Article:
Tamil Nadu There are 3 Level Forecasting, 48 Level Monitoring and 14 Inflow Forecasting sites in Tamil Nadu State. Out of total 65 sites, 19 Level Monitoring and 2 Inflow Forecasting sites are inactive. MWL information is given only for 1 Inflow Forecasting site out of 14. IRRUKKANKUDI, Sathanur and Gomukhi sites are repeated with incomplete information. Out of 48, HFL figure and date is not provided for 25 Level Monitoring sites.
Above: Major River Basins of Maharashtra Source: MWRRA
Major Issues faced by Rivers of Maharashtra include complete lack of governance geared towards protecting rivers as ecological systems, unjustifiable dam projects blocking most of the rivers of the state without even comparable benefits, increasing water conflicts, depleting groundwater levels which affect base flow of the rivers, catchment degradation, climate change induced changes in river hydrology, repeated droughts and increasing levels of pollution.
On the 7th August 2015, SANDRP published a Press Release titled “As Krishna Bhima basin farmers in Maharashtra, Karnataka, AP & Telangana face drought, crop failure, Water scarcity, Maharashtra DIVERTED 350 MCM water from the basin & stored another 2535 MCM reserved to release, literally to sea!”. On August 9, 2015, DNA, a leading newspaper in Mumbai published a report based on this story as their front page top story titled “Drought? Last month alone Maha govt drained 350 MCM water into sea!” Continue reading “Tata Power responds on the issue of Tata dams diverting water from Drought hit Bhima Krishna basin to Konkan, but it is a vacuous, insensitive response”
(Photo above: Koyna Dam)
Large parts of Krishna basin spanning Maharashtra, Karnataka, Andhra Pradesh and Telangana are facing massive rainfall deficits, drought like conditions and crop failures. The tail-end reservoirs of Srisailam and Nagarjun Sagar are almost empty. Telangana and Andhra Pradesh are already thinking of conserving the available water for drinking water. They are not even thinking of releasing any water for saving the crops in delta farmers. In upstream Maharashtra itself, the Ujani dam has ZERO live storage and perennially dry Marathawada has the highest rainfall deficit. Shockingly, in this very period from July 1 to Aug 6, Maharashtra has diverted more than 350 Million Cubic Meters of water (at most conservative estimates) FROM this very Krishna and Bhima basins to the High Rainfall area of Konkan (it already has had 1467.1 mm rain till Aug 7, 2015) and down to the sea! If this diversion was stopped since July 1, when the signs of severe monsoon deficits in the three states were already there, this water would have been available to save crops in lakhs of acres in the river basin, and some of it would have also flowed to Andhra Pradesh and Telangana and water may have been available for saving some crops. Even now these Koyna and Tata dams have 2535 MCM water in live storage that is reserved for diversion to Konkan and to sea, but wont be release for the failing crops across the basin. How can we continue such wasteful use of water in a water deficit basin, at the cost of livelihoods of lakhs of farmers? Even now it is necessary to URGENTLY review this situation and consider stopping diversion of water FROM Krishna basin to sea. This may save crops and livelihoods of lakhs of farmers. Continue reading “As Krishna Bhima basin farmers in Maharashtra, Karnataka, AP & Telangana face drought, crop failure, Water scarcity, Maharashtra DIVERTED 350 MCM water from the basin & stored another 2535 MCM reserved to release, literally to sea!”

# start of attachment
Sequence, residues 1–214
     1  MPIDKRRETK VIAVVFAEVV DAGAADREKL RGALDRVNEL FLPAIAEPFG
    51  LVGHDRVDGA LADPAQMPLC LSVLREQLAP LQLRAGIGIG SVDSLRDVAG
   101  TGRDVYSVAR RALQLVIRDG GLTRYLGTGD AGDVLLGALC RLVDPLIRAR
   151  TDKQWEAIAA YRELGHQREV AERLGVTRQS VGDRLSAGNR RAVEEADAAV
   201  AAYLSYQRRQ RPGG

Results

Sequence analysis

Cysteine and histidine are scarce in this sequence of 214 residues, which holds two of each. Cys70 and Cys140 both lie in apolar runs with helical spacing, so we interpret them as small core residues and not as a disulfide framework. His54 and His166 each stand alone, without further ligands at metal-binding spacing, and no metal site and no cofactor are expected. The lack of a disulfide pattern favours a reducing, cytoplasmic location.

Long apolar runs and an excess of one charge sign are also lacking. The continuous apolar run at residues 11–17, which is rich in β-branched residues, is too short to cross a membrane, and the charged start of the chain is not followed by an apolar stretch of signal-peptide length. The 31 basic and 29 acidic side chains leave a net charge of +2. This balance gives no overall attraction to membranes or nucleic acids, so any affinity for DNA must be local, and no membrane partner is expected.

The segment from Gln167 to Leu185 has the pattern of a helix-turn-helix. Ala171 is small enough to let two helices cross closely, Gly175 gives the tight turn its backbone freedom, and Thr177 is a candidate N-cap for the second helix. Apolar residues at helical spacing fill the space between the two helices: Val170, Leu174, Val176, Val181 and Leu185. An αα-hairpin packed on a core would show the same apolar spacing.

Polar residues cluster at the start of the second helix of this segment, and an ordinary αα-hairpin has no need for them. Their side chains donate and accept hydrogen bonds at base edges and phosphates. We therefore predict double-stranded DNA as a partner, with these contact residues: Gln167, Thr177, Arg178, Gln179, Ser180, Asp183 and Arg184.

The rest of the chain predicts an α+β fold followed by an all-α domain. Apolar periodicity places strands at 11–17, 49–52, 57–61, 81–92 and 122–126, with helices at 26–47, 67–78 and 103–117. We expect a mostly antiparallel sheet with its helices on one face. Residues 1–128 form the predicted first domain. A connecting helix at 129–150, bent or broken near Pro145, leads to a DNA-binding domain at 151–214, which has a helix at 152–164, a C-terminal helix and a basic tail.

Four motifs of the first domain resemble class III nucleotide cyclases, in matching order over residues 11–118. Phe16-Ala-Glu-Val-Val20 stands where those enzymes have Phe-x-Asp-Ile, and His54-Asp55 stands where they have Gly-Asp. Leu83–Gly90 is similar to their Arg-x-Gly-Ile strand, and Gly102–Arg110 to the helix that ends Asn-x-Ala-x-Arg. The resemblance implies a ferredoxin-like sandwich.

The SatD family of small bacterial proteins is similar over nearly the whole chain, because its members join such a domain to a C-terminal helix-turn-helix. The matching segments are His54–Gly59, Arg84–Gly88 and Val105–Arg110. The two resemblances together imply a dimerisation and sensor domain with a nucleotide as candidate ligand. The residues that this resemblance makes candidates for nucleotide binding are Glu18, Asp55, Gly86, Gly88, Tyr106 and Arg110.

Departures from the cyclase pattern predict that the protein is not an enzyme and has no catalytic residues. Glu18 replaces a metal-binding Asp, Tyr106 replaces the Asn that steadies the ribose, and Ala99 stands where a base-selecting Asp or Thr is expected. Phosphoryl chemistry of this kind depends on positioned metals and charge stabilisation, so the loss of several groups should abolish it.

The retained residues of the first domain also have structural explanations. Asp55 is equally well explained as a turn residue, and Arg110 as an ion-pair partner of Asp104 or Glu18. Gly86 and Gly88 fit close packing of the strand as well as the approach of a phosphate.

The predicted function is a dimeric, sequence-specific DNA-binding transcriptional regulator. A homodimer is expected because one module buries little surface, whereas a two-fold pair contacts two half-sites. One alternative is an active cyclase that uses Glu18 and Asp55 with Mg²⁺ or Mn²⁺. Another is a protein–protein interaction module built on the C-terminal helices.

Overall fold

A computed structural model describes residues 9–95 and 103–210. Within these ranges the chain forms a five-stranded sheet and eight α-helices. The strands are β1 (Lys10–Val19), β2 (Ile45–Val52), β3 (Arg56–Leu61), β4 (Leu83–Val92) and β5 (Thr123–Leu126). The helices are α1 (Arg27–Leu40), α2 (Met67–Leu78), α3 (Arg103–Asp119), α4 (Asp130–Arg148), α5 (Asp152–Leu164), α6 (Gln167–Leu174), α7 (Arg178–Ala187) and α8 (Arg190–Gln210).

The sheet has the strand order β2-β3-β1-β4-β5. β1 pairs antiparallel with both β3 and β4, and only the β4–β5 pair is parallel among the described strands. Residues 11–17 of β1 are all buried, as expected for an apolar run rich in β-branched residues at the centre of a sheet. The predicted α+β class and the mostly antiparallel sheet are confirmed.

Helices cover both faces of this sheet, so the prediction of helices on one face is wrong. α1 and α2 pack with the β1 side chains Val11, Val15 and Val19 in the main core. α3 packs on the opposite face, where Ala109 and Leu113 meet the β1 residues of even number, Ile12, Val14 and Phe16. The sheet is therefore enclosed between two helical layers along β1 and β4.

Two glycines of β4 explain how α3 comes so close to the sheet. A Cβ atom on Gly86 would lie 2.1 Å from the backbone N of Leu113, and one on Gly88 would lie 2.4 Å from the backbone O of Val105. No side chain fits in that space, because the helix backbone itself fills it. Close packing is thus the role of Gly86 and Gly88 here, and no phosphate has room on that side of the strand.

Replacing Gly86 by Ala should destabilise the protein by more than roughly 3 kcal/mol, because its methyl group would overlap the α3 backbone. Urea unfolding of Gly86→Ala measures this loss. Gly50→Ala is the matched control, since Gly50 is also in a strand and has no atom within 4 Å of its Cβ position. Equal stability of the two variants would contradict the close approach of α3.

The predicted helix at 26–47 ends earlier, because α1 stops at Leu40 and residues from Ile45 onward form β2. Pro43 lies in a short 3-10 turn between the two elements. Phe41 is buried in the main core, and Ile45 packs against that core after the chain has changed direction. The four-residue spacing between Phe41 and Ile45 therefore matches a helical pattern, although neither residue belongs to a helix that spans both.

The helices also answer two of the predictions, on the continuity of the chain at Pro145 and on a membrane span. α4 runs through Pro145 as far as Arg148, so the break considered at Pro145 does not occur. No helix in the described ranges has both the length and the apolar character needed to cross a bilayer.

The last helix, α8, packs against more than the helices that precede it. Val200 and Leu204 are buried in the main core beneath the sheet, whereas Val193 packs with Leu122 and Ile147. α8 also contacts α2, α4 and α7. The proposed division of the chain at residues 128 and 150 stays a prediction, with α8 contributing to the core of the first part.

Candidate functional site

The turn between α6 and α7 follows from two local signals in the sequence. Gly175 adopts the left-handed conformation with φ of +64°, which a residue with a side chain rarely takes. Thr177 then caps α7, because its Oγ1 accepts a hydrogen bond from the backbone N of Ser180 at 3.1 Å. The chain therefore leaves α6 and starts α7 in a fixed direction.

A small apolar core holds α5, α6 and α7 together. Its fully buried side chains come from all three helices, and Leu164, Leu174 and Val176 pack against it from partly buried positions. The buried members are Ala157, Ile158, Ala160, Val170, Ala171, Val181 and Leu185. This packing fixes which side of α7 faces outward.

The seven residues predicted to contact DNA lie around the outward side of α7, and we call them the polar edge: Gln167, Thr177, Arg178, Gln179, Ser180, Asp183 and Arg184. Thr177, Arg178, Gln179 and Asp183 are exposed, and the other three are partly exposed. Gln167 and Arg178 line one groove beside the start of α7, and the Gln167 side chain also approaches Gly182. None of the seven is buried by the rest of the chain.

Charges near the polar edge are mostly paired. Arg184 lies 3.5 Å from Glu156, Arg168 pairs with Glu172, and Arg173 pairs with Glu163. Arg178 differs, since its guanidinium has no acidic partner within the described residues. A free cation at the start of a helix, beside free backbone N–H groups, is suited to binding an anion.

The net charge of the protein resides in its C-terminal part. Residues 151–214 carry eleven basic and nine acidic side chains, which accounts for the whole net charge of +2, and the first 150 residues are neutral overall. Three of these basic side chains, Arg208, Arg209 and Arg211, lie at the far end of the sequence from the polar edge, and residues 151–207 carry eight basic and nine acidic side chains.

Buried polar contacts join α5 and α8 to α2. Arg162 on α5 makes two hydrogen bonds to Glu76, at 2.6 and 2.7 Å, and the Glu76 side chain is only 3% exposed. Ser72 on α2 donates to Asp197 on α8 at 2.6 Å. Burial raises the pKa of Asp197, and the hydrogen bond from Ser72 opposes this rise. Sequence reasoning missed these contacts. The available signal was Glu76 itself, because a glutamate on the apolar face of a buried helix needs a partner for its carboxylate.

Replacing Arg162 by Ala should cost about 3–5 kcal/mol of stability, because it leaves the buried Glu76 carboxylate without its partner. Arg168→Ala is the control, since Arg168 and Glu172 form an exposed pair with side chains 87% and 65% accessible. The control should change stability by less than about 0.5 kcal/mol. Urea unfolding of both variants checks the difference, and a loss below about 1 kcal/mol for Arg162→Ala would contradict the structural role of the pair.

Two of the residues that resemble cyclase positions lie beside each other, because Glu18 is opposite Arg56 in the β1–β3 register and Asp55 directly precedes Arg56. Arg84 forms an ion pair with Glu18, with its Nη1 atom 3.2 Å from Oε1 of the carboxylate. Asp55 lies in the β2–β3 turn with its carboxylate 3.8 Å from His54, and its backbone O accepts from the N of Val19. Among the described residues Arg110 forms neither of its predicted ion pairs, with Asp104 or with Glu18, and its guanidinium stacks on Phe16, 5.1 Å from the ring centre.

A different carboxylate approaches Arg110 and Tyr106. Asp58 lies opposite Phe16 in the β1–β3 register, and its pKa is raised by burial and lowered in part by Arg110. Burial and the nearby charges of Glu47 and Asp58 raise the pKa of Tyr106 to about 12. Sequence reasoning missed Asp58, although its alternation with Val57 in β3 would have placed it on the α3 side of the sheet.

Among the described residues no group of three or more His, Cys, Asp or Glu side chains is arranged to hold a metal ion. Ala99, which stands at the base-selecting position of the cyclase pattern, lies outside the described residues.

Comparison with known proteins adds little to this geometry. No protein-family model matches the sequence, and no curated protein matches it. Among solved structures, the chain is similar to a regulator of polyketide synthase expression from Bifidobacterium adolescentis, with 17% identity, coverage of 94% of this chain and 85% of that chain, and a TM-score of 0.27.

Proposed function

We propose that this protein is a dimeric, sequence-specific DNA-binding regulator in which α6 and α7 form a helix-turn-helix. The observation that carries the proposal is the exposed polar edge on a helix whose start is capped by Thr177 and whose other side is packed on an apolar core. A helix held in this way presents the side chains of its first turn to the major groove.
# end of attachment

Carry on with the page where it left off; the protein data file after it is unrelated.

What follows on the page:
Above: A board at the dam site proclaims: “Beware, dam work ahead”. The warning pretty much sums up the situation of Krishna Marathwada Project Photo: Parineeta Dandekar
It was a blazing hot afternoon, made hotter by the subconscious association of Marathwada with all things dry, parched and drought-stricken. I was standing on the half completed dam wall of the Khuntephal Storage Tank in Beed, along with Macchindra Thorave and his colleagues. I’ve seen many dams and many dam walls, but it was impossible to believe this was a dam wall, supposed to impound 5.68 TMC of water (TMC=Thousand Million Cubic Feet. 1 TMC=28.317 billion liters). Primarily because there was no water in sight on either sides of the dam! There was no river in sight either! It actually looked like an under-construction road connecting two hills.
But as I realized later, being a part of the Krishna Marathwada Lift Irrigation Scheme and Krishna Bhima Stabilisation Project, issues like water were inconsequential. This was Dam for Dam’s sake.